Junta soldiers are also reportedly looting houses for valuables and have been stocking up on food and emergency supplies at Yangon, Mandalay and Naypyidaw.
NUG’s foreign affairs minister Zin Mar Aung communicated to Swarajya that apart from calling in about 10,000 combat troops from Mandalay, Bago and Yangon regions, about 4,000 elite commandos have been deployed at strategic locations in the national capital.
“New military facilities are being built in Naypyidaw and military barracks and police stations are being reinforced to resist drone attacks. The Tatmadaw’s Garrison Engineering Corps has started constructing bunkers and underground facilities and (junta chief) Min Aung Hlaing has recalled retired military and police personnel,” said Aung.
According to reports, the regime’s civilian employees are being given arms training and extensive household inspections are being conducted in Naypyidaw. These civilian employees and retired army and police personnel are being drafted into reserve units.
Elsewhere in the country, desperate junta forces are now fighting back with chemical weapons. The Myanmar National Democratic Alliance Army (MNDAA)--it has formed a Three Brotherhood Alliance (TBA) with Arakan Army (AA) and the Ta'ang National Liberation Army (TNLA)--alleged Friday (November 24) that junta forces are using chemical weapons to recapture a military base at Hseni town in northern Shan state.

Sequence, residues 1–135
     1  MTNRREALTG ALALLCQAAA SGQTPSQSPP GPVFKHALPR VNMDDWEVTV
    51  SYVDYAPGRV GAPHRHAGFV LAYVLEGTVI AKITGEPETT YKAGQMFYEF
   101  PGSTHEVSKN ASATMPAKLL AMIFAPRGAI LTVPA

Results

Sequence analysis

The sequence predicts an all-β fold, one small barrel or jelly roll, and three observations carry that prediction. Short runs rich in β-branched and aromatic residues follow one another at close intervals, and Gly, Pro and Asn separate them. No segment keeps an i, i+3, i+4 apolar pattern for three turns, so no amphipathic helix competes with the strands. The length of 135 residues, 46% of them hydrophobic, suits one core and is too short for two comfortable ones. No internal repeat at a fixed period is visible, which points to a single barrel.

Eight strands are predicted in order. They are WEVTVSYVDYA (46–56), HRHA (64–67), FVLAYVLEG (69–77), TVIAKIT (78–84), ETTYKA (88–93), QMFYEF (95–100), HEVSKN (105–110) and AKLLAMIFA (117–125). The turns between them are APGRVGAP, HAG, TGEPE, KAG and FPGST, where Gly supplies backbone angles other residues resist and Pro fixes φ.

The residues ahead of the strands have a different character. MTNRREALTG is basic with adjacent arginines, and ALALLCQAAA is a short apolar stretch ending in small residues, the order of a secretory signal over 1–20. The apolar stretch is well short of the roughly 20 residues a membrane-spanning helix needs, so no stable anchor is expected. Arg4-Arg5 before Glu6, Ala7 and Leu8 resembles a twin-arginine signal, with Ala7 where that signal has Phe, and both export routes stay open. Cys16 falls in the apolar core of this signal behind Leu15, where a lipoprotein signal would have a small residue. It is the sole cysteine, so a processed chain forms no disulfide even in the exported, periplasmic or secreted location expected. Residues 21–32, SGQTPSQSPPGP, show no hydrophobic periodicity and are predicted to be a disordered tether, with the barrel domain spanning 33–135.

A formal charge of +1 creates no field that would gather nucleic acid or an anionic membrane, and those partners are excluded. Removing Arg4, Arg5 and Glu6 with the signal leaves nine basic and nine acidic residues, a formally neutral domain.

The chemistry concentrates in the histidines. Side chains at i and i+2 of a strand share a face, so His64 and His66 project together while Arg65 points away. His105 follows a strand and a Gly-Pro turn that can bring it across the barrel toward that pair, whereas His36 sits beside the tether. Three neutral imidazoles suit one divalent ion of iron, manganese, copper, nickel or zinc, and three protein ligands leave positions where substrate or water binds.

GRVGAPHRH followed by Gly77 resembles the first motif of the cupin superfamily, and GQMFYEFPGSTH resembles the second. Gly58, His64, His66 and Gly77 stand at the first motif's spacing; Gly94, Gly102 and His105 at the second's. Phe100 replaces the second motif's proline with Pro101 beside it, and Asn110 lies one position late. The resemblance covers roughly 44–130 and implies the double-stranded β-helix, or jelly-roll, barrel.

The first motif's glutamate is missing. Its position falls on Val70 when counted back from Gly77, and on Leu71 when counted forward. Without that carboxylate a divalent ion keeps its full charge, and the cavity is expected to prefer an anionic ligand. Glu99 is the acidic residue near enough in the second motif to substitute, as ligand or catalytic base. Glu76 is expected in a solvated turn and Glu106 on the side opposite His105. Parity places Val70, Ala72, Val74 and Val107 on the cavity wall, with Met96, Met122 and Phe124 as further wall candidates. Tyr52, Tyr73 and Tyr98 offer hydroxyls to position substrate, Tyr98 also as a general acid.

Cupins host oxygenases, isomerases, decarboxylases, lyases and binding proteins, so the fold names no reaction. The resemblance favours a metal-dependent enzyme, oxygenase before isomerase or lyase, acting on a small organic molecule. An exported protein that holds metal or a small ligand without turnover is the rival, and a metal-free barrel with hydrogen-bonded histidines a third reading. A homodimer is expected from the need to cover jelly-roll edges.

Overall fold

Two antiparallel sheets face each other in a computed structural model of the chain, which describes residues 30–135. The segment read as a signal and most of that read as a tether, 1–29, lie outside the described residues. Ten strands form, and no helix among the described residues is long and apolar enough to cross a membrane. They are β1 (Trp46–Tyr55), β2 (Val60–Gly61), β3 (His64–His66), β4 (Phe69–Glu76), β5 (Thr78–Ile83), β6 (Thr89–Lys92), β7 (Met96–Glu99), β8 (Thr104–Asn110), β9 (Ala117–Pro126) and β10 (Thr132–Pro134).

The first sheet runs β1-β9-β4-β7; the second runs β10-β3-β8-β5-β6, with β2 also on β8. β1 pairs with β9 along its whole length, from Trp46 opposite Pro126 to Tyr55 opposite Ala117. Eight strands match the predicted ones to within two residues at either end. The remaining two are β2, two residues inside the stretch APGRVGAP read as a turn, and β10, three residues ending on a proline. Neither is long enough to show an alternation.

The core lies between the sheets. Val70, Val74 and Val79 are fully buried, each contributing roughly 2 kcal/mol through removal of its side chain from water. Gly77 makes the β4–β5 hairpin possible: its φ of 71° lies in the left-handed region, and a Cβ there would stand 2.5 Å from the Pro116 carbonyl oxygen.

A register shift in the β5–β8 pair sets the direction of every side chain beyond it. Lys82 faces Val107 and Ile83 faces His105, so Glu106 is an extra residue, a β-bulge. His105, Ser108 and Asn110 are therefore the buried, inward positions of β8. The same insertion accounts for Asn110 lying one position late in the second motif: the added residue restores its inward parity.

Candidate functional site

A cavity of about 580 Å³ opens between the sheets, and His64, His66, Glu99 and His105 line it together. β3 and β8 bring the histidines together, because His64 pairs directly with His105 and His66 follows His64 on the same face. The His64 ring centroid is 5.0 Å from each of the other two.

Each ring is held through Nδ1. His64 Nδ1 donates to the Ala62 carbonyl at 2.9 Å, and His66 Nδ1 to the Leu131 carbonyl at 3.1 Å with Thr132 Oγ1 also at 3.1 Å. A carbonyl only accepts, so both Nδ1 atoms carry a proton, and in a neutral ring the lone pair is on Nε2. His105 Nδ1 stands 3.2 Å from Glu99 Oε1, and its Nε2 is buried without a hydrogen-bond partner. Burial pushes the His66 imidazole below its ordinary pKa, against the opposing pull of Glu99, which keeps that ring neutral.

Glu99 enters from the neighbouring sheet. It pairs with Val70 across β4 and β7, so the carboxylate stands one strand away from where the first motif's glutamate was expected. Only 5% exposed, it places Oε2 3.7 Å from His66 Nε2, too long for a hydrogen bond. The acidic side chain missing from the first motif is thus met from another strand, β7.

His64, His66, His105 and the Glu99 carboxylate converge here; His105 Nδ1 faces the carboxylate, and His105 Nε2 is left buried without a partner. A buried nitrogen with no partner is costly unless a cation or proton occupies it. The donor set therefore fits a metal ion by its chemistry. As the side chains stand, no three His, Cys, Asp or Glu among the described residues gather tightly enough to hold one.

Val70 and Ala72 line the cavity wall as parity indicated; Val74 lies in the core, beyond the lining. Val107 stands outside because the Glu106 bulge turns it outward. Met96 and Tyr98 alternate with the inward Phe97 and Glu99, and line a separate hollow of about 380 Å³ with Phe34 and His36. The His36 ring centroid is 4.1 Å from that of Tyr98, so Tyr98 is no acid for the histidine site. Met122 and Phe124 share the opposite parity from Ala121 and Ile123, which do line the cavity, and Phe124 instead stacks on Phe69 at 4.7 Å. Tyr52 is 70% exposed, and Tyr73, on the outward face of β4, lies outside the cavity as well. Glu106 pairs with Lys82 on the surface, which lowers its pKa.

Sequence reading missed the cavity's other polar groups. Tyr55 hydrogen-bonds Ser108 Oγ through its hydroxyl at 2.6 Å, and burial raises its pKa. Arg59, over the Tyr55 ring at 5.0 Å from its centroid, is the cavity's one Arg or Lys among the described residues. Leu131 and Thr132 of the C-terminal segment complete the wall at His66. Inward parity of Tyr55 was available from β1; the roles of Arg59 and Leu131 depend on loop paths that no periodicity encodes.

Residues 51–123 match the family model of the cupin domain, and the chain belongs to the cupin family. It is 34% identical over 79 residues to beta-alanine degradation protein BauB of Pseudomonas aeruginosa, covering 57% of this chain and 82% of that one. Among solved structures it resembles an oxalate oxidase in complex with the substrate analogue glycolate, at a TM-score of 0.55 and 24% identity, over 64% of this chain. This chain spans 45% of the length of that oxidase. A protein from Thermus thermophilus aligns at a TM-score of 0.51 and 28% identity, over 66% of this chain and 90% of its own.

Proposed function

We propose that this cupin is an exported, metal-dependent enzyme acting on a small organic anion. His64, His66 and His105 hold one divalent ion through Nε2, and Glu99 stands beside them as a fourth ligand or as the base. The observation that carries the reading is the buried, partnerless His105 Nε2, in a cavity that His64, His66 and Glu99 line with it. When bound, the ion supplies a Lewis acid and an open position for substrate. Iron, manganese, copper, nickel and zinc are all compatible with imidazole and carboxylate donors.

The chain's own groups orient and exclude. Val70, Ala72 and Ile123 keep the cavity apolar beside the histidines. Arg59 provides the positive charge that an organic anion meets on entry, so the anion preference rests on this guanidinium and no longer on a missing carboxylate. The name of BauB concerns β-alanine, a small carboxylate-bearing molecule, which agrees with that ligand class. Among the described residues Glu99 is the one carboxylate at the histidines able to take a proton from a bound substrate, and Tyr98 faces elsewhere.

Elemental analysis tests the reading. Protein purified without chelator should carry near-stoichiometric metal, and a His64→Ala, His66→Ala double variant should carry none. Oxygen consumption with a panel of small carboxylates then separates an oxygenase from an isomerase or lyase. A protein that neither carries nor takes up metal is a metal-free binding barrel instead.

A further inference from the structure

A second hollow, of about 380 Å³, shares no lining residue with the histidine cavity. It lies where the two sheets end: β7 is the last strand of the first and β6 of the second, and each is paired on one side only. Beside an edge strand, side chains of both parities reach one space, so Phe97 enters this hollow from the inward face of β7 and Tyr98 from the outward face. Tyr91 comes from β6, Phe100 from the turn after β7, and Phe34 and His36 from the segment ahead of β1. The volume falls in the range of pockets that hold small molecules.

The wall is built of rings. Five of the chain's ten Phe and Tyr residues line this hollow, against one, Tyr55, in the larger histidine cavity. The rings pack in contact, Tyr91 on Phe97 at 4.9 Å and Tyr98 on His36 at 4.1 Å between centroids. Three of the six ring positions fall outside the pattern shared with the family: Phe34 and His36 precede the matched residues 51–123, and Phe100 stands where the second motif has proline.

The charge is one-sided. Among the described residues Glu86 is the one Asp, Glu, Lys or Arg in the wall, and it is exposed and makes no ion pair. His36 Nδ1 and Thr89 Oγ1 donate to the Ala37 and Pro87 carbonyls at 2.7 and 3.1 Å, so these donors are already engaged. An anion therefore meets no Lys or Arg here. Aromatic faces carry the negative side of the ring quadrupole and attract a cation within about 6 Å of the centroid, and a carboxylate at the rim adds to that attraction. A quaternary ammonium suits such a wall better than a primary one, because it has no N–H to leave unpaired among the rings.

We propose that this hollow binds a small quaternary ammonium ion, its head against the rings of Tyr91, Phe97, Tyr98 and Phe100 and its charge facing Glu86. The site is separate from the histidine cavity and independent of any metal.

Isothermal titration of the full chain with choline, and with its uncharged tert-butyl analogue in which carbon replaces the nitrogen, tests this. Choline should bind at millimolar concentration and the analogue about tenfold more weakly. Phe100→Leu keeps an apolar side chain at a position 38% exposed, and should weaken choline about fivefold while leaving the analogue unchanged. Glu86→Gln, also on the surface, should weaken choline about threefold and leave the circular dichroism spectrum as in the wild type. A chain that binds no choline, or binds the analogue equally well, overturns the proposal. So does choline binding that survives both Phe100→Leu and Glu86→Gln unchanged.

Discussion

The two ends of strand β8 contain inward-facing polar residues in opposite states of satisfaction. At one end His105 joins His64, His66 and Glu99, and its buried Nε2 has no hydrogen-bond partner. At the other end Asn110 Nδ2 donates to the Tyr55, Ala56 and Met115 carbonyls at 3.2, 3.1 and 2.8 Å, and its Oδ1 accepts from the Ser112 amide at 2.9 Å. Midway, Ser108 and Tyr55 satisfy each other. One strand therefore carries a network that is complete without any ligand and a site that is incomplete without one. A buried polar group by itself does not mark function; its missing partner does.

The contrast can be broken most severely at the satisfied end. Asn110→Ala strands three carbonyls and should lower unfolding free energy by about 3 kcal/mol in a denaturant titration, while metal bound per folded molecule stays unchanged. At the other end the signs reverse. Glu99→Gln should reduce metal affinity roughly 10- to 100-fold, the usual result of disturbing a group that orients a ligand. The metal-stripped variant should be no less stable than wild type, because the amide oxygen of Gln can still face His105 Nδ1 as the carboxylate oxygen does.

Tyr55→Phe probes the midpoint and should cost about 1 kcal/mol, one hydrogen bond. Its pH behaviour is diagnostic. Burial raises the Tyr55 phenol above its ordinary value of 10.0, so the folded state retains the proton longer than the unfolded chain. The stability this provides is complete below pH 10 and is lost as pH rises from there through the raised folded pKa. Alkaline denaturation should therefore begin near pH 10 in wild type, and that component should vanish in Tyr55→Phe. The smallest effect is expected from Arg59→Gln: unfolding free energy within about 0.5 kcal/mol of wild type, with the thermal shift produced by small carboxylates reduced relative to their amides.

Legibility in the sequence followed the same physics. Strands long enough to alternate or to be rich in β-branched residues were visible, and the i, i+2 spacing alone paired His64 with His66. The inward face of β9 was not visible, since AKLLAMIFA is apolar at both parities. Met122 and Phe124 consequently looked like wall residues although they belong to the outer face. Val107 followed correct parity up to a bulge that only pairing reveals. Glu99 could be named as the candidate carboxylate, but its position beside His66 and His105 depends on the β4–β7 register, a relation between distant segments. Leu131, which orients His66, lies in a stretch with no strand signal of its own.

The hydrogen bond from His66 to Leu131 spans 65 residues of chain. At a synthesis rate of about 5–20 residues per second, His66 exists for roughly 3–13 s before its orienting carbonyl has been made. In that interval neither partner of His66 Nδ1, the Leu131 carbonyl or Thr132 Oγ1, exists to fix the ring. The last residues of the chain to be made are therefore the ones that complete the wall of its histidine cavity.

This base was captured by the MNDAA rebels during the fierce offensive launched simultaneously by the Alliance across Shan, Kachin, Sagaing, Chin and Rakhine states since October 27 this year.
The TNLA has also alleged that junta forces are using chemical weapons to recapture strategic bases in Hseni town in Shan province that the TNLA captured from the Tatmadaw earlier this month.
The junta has lost more than 180 bases, six towns and strategic trade routes to China across Shan state since the launch of Operation 1027 (so named because it was launched on October 27).
Since Tuesday (November 21), the junta lost 80 troops in attacks by PDFs and EAOs in various parts of the country.
Fierce battles are raging across the country and the junta is responding to its losses by indiscriminately shelling civilian areas where it suspects rebels belonging to PDFs and EAOs are hiding. That has resulted in a large number of civilian casualties and displacement of an estimated 3.33 lakh civilians, say UN agencies.